Dermatology Experts Discuss Inadequate Testing of Skin Lesion

Joseph O'Neill

Written by
— Updated on October 5, 2017

Dermatology Expert WitnessThis case involves a male patient who had been under the care of a dermatologist for several years in order to monitor a number of pre-cancerous moles on his back. During this time, the patient developed a new mole on his nose that changed character over the years that the man was seen by the dermatologist. At some point, the doctor claims to have taken a skin shave biopsy of the suspected lesion which turned up negative. A year later, the man saw a new dermatologist on the recommendation of his primary care provider. This doctor diagnosed the lesion as cancerous, and subsequent testing revealed a number of metastases.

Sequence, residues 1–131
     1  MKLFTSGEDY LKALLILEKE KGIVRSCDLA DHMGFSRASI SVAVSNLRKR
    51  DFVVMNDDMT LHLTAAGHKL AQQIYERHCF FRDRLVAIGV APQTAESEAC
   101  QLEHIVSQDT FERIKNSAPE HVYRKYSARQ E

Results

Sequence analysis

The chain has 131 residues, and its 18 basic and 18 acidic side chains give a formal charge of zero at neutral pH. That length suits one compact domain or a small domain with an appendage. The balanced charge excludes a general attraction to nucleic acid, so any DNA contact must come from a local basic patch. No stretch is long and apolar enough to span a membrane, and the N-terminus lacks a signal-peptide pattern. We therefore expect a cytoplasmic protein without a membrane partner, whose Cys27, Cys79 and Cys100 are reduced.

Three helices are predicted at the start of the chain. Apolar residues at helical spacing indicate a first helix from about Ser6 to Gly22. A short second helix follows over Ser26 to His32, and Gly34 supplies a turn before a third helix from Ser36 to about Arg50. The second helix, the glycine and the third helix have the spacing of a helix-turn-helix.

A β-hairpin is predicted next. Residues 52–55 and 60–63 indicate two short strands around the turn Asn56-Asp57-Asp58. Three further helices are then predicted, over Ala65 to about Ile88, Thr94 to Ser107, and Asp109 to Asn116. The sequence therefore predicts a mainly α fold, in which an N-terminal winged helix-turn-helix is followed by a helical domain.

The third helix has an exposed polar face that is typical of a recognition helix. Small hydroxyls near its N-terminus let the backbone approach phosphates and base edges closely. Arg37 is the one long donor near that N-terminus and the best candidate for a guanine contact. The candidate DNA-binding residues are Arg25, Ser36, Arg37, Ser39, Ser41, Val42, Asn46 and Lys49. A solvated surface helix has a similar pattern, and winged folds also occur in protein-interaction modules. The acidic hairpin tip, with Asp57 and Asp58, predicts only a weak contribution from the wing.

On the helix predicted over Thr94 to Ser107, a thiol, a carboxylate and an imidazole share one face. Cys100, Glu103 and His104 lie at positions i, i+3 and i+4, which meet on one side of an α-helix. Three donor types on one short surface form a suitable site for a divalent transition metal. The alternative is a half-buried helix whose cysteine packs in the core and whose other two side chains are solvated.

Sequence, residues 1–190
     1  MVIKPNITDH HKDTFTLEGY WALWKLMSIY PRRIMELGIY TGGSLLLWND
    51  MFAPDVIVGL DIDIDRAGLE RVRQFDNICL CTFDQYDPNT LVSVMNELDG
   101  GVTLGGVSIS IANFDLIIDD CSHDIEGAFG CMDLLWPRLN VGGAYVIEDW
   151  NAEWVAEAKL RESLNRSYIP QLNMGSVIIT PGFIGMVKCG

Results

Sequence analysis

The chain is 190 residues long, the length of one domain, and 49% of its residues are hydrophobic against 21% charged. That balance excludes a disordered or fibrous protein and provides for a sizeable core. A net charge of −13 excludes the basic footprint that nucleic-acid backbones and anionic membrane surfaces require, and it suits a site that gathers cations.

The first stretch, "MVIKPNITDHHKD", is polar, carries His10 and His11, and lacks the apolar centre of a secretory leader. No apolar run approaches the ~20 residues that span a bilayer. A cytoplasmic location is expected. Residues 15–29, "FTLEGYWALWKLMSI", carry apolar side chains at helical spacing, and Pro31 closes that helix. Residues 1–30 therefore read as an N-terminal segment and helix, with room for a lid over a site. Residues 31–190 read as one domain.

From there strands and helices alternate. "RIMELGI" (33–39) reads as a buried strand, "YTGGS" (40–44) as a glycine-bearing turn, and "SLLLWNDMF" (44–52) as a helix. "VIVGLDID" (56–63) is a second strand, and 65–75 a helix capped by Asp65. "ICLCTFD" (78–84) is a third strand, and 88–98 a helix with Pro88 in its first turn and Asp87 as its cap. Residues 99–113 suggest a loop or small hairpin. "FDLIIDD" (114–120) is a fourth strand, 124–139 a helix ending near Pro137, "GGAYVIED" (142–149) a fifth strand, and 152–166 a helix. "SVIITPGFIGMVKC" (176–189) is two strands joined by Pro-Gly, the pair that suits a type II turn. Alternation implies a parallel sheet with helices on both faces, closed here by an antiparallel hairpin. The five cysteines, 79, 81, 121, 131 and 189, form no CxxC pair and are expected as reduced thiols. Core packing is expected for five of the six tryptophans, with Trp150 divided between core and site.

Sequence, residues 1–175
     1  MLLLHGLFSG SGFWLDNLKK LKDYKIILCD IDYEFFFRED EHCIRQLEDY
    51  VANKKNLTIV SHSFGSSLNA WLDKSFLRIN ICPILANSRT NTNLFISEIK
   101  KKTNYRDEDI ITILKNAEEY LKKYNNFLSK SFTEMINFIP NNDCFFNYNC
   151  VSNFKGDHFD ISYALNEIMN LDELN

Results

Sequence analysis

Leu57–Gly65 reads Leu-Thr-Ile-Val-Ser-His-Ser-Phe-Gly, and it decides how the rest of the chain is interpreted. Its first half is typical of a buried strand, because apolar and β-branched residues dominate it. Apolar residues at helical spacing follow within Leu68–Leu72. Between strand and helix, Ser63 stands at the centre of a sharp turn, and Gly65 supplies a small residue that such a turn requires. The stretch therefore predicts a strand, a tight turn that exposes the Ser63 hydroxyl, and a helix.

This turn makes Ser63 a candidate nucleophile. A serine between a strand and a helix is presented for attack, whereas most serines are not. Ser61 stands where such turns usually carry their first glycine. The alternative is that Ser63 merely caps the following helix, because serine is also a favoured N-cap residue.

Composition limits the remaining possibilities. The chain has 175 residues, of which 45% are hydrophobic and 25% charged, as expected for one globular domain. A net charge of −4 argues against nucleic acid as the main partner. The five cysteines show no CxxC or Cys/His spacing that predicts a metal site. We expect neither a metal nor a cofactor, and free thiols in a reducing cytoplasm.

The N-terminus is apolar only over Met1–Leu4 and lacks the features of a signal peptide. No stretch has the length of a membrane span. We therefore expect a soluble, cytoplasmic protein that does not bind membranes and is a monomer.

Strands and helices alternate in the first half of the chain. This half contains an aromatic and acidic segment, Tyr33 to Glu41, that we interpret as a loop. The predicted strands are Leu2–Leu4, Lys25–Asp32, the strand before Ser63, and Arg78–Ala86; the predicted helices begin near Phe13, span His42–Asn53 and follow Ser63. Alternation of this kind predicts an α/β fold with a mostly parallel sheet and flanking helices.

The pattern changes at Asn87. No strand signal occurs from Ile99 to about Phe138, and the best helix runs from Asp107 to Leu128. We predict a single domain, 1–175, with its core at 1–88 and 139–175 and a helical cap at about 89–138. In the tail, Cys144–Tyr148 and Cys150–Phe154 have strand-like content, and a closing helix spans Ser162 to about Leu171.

Question(s) For Expert Witness

  • 1. When is shave biopsy recommended for a lesion?
  • 2. When is a punch biopsy indicated?

Expert Witness Response E-060295

A shave biopsy should have been entertained as soon as the lesion changed or when the patient said that lesion was changing. a shave biopsy would have likely ascertained the diagnosis, though it is unclear why it may not have in this instance. A punch biopsy on the nose can be cosmetically difficult, so generally in my opinion only if I am worried about a deep lesion or if a shave biopsy does not give a diagnosis would I recommend the more invasive punch biopsy.

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